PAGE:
Is Scoliosis Surgery Dangerous?

When is a Scoliosis Surgery Required and Which is the Surgery Performed To Treat Scoliosis?

In most of the cases, a scoliosis surgery is found to be required if the curvature of the spine is greater than 50 degrees. The main aim of the surgery is to bring down the curvature of the spine as much as possible, so that it can be comfortable for the individual to carry out activities of daily living and other recreational activities as best as one can.

The surgery done for the treatment of severe forms of scoliosis is termed as spinal fusion. This surgical procedure realigns and fuses the curved vertebrae such that they heal into a single solid bone.

Is Scoliosis Surgery Dangerous?

Is Scoliosis Surgery Dangerous?

With the advancement that medical science has made, spinal fusion procedure is deemed to be quite safe and the success rate of this surgery for scoliosis is also very good, although there are certain risk factors associated with this surgery.

As stated, surgery for scoliosis is only recommended when the curvature of the spine is greater than 50 degrees and has the potential for worsening even more. While the surgery for scoliosis is considered to be a safe surgery, but since it involves the spinal cord, invariably there are certain risks that one needs to know before embarking for a surgical procedure for correcting scoliosis. Below mentioned are some of the risk factors pertaining to scoliosis surgery.

Paraplegia: This is one of the most concerning risk factor which is associated with scoliosis surgery. Paraplegia or paralysis is a condition in which an individual loses the ability to feel and move the lower extremities of the body. The risk of an individual having paraplegia as a result of a scoliosis surgery is quite rare, but it is still quite a dangerous preposition when it comes to the risks of scoliosis surgery.

There are adequate methods available which can detect any abnormality in the spinal cord during the surgery, which may lead to paraplegia. These methods are measuring the somatosensory evoked potential and motor evoked potential. The somatosensory evoked potential measures the electrical signals sent to the legs and read in the brain. This shows whether there is appropriate transmission of impulses between the lower extremities and the brain during surgery.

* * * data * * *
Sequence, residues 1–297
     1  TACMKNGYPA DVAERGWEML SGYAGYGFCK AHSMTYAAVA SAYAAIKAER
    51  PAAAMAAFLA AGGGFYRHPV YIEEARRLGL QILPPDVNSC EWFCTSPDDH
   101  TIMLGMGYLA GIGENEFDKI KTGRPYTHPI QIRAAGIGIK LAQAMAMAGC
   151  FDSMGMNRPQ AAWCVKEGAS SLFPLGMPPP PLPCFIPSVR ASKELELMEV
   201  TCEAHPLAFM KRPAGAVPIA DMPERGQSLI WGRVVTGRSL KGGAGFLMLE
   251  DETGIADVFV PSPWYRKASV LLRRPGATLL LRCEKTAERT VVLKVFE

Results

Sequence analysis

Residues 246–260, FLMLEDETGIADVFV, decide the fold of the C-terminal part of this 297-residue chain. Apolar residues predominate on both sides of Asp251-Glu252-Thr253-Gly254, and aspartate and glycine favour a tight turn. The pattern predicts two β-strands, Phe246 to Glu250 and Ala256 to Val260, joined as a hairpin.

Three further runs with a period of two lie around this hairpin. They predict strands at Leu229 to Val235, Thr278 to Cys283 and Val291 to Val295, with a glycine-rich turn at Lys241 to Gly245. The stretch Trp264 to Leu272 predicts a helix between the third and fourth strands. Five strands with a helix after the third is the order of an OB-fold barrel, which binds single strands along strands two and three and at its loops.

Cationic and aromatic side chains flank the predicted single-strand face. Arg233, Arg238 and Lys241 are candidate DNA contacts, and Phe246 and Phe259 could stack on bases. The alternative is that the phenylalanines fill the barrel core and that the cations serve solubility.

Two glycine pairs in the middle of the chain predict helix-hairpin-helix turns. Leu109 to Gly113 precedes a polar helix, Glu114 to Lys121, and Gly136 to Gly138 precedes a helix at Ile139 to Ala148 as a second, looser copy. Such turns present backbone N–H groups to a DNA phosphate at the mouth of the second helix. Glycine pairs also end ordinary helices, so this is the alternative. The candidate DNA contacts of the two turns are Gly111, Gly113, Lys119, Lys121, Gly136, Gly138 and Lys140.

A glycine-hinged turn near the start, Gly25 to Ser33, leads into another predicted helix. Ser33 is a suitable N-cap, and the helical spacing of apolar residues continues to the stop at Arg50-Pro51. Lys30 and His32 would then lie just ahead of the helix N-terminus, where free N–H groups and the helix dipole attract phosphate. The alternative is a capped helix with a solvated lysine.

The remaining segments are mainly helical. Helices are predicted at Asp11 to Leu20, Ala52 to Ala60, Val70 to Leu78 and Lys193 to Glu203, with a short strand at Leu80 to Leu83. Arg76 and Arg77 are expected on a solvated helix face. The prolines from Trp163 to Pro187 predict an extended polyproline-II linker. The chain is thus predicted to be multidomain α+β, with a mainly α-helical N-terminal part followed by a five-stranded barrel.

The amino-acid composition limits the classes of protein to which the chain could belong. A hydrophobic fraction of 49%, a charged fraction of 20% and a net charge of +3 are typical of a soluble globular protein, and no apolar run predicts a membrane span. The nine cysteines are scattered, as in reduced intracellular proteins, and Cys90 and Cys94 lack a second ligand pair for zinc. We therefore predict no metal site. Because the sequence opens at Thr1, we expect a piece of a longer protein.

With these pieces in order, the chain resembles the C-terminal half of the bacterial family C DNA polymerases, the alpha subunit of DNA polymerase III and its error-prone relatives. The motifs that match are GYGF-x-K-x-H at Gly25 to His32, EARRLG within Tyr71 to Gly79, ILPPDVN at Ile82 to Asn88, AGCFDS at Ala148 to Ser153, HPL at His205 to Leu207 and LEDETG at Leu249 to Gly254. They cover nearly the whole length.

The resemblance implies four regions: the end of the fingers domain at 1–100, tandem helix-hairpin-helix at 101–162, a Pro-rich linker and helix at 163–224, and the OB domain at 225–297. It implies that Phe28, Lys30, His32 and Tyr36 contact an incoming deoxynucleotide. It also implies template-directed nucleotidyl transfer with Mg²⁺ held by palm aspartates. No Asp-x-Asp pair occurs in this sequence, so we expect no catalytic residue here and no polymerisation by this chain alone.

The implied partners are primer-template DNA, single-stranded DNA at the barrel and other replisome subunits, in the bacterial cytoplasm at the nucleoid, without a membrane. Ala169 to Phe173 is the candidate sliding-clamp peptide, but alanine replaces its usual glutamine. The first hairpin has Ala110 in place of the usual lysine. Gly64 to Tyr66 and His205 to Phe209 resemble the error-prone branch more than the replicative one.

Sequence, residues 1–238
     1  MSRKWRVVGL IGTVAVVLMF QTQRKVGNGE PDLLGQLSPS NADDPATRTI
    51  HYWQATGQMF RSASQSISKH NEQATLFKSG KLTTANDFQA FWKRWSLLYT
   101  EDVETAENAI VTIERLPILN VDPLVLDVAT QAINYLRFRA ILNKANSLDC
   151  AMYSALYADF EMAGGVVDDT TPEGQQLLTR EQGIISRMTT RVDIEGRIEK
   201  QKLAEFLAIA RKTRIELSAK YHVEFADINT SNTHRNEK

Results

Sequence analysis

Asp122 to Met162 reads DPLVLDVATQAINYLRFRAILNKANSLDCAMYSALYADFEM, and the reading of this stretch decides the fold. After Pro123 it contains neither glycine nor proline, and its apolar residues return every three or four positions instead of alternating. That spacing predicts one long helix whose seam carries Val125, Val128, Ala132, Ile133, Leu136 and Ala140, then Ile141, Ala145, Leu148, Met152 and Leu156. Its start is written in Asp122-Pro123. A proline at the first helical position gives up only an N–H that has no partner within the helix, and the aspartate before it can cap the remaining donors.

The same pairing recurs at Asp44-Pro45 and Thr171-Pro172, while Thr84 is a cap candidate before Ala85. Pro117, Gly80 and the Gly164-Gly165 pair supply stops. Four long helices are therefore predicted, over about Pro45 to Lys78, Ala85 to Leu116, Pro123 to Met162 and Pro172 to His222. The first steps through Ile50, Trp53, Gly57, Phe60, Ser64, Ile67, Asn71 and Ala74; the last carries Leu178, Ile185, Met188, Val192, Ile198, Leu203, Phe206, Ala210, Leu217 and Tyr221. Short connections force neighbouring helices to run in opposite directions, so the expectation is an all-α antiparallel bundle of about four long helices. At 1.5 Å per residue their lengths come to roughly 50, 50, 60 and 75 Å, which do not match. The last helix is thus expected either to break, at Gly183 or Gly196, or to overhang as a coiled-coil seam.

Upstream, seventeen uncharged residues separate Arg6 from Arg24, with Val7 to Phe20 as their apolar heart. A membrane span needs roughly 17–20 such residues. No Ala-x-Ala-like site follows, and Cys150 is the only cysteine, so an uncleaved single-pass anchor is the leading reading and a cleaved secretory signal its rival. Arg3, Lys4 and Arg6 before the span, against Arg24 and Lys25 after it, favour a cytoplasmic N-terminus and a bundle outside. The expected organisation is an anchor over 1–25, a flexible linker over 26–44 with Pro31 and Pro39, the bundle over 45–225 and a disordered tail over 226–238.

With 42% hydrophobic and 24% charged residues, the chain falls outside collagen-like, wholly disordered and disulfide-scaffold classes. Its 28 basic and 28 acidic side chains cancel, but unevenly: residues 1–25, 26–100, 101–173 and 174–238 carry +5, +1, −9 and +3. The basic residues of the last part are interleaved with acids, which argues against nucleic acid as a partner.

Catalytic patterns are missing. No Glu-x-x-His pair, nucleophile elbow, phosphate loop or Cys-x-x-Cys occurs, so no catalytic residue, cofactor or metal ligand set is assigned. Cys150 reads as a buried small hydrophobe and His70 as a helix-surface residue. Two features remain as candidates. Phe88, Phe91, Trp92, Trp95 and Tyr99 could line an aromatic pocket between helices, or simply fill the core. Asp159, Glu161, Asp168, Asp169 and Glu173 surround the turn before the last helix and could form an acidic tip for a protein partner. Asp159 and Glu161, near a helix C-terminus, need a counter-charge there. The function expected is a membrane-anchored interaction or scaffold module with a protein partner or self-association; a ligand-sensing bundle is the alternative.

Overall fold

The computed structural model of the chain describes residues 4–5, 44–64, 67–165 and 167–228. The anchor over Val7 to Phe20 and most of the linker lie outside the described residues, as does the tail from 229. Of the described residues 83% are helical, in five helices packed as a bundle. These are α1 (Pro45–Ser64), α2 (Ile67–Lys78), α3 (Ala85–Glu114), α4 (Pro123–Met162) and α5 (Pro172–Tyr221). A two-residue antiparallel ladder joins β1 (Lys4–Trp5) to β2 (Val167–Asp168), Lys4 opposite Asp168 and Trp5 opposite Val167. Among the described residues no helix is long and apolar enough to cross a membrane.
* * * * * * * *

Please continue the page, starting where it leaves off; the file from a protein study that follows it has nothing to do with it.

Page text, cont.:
Even if there is a slight change in the reading, this will imply a decreased blood supply to the spinal cord or there is some abnormality occurring in the spinal cord as a result of the surgery and the surgery may be aborted in time.

Similarly, the motor evoked potentials monitors signals related to the muscles during the surgery. With these both tools any abnormality in the spinal cord during the procedure can be tracked beforehand and the surgery may be aborted or a new approach may be taken by the surgeon to prevent any complications such as paraplegia during surgery for scoliosis.

Excessive Blood Loss: This is a complication which is inherent to almost all the surgical procedure and scoliosis surgery is no exception. During a scoliosis surgery, there is plenty of muscle stripping done during surgery, which leaves a lot of exposed areas which tend to cause blood loss.

If the surgeon employs the correct technique, then the blood loss could be kept at a minimum with very rare need for a blood transfusion as a result of blood loss due to scoliosis surgery.

Other than this, some of the other risk factors associated with a scoliosis surgery are:

  • Failure of fusion.
  • Chances of infection to the spine are also there.
  • There are also chances of a cerebrospinal fluid leak.
  • Instrumentation failure or breakage is yet another complication that may arise during a scoliosis surgery.
  • Anesthetic risks which inherent to all surgical procedures.

In summary, surgery for scoliosis can be considered as safe, especially with new technologies that are available to surgeons these days with which they can minimize most of the risks; however, there are certain risk factors such as paraplegia and excessive blood loss, which can be easily monitored by surgeons and if required the surgery can be aborted or the surgical approach changed. Thus, it can be said with absolute surety that scoliosis surgery is not dangerous.

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Team PainAssist
Team PainAssist
Written, Edited or Reviewed By: Team PainAssist, Pain Assist Inc. This article does not provide medical advice. See disclaimer
Last Modified On:May 3, 2019

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